By John Michael Uba
We earn our souls through our suffering, according to Frank Warren, founder of PostSecret and guest speaker to a crowd Thursday night at the Bronco Student Center, Ursa Minor.
Together Active Minds, the Wellness Center, Student Health and Counseling Services and Associated Students, Inc. Student Activities and Programs hosted Warren’s PostSecretLive!, an intimate, personal synergy about the light of people and the dark side of mental health, with suicide being one of the main topics presented.
“What I tried to do tonight is take people on an emotional journey through the funniest, most hopeful, painful, hidden kind of kindness, romantic secrets I’ve ever received,” said Warren.
Warren’s PostSecret is a community art project started in 2005 where people can send secrets anonymously on a postcard which are then posted on the PostSecret Website, art exhibits or published PostSecret books.
His PostSecret project is well renowned, drawing over a million people to the website, expressing their hidden secrets and regrets resulting in a website that they can trust and feel safe with.
“I immediately recognized the logo,” said Carlos Gomez, a third-year biotechnology student who has been familiar with PostSecret for seven years after his sister showed him the website.
“Lots of the postcards deal with suicide, depression, other issues like that, but like he shared [there] was also lots of funny stories about their lives,” added Gomez. “The secret doesn’t have to be a bad secret, it can be anything.”
The moments prior to the initial event allowed students the opportunity to write their own secrets on one of the postcards provided.
Many of the anonymous secrets written and displayed on the table ranged from multiple themes, such as not feeling attractive enough, hoping to fix social issues, disliking their current situations, cheating on their partner multiples times, wishing to try harder and wishing to just be happy.
“I’ve always felt the postcards are magical and hold special power, and they certainly have in my life,” said Warren in regards to using the postcards as the trick behind PostSecret.
“Mine started in camp when my mom gave me postcards and told me to mail them home when something interesting happened and when I did, I came home and I received them in the mail. I thought it was magical how I had written those postcards as my past self and here I was seeing it as my future self,” said Warren about his _ÀåÂ_Ärst use of postcards. Since suicide was a big focus of the night, Warren said that statistically, about four people in the audience at that very moment were seriously thinking about taking their own lives.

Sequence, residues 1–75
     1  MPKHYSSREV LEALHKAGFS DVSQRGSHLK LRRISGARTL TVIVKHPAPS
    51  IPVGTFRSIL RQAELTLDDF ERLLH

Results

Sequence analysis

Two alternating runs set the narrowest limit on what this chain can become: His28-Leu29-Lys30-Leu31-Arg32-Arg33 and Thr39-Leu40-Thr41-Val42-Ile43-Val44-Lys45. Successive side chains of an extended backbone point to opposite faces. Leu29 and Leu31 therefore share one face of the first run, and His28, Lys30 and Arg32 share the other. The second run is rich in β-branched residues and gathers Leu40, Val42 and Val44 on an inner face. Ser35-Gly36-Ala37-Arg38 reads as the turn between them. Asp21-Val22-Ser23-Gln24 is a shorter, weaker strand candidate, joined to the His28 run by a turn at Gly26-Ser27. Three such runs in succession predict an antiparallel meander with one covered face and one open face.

He shared a story about a person he knows who attempted suicide by jumping off the Golden Gate Bridge, the second most popular suicide site.
When he was about to jump off the bridge, he thought to himself that he had made a mistake, but it was too late for him since he already let go of the railings and plunged down to the water. However, he is one of the very few people
who survived the fall, with only 26 other survivors since 2005.
The host included the statistic that military veterans have died more by their own hands than by terrorist attacks or on the battle_ÀåÂ_Äeld, with about 20 veterans committing suicide each day.
“I’m actually part of Active Minds,” said Jos Serrano, a fifth-year liberal studies student. “I mean our secrets are nothing to feel bad about, and this event kind of reminds me of that.”
PostSecretLive! also provided an open mic session for the crowd with two microphones on opposing sides so participants could stand up and express their secrets to the audience.
Some students eventually conquered their fears and told their confessions, ranging from one’s desire to fix relations with family members, one’s hope to marry their current special someone, one’s diagnosis of bipolar disorder, loss of trust and the death of a loved one through suicide.
“A lot of people get the chance to say what’s on their minds and really connect with each other,” said Peter Francesco, a _ÀåÂ_Äfthyear manufacturing engineering student who attended the event. “I really feel like a lot of people got to get their inner demons out; I like doing it, it feels good when I get the chance.”
There was also a raf_ÀåÂÛ_e, which provided winners a copy of the PostSecret book that contains secrets from a wide range of people.
Warren’s PostSecretLive! wasn’t all dark, as he also shared stories of humor, romance, joy and hopeful acts of kindness, projecting the message that a simple random act of generosity can go a long way for someone suffering from mental illness.
“Secrets are the currency of intimacy and if you can _ÀåÂ_Änd the power to share your story, you live a fuller life,” said Warren.
Anyone can send his or her own secret to PostSecret by mailing a four-by-six postcard to the PostSecret art project address: 13345 Copper Ridge Rd. Germantown, MD 20874.
Postcards can also be scanned and emailed to Frank@postsecret.com.
For more information, visit the website at postsecret.com.
John Michael Uba / The Poly Post
Frank Warren encouraged students to participate in sharing secrets live.
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